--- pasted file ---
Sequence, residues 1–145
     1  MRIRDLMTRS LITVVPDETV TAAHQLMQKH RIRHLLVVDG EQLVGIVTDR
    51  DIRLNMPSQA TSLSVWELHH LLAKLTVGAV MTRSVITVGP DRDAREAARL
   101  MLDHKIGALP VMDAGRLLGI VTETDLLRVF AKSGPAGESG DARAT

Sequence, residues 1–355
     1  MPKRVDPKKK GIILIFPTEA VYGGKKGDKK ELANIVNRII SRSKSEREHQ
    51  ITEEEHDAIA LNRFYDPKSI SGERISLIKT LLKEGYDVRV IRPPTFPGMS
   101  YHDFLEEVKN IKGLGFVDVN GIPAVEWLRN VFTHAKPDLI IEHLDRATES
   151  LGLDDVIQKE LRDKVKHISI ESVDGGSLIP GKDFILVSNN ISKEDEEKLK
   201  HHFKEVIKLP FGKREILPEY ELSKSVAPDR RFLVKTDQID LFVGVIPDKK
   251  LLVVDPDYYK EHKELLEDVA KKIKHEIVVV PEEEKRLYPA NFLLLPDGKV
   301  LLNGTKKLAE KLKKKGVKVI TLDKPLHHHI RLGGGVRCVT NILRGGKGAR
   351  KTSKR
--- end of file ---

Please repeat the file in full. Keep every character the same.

Sequence, residues 1–145
     1  MRIRDLMTRS LITVVPDETV TAAHQLMQKH RIRHLLVVDG EQLVGIVTDR
    51  DIRLNMPSQA TSLSVWELHH LLAKLTVGAV MTRSVITVGP DRDAREAARL
   101  MLDHKIGALP VMDAGRLLGI VTETDLLRVF AKSGPAGESG DARAT

Sequence, residues 1–355
     1  MPKRVDPKKK GIILIFPTEA VYGGKKGDKK ELANIVNRII SRSKSEREHQ
    51  ITEEEHDAIA LNRFYDPKSI SGERISLIKT LLKEGYDVRV IRPPTFPGMS
   101  YHDFLEEVKN IKGLGFVDVN GIPAVEWLRN VFTHAKPDLI IEHLDRATES
   151  LGLDDVIQKE LRDKVKHISI ESVDGGSLIP GKDFILVSNN ISKEDEEKLK
   201  HHFKEVIKLP FGKREILPEY ELSKSVAPDR RFLVKTDQID LFVGVIPDKK
   251  LLVVDPDYYK EHKELLEDVA KKIKHEIVVV PEEEKRLYPA NFLLLPDGKV
   301  LLNGTKKLAE KLKKKGVKVI TLDKPLHHHI RLGGGVRCVT NILRGGKGAR
   351  KTSKR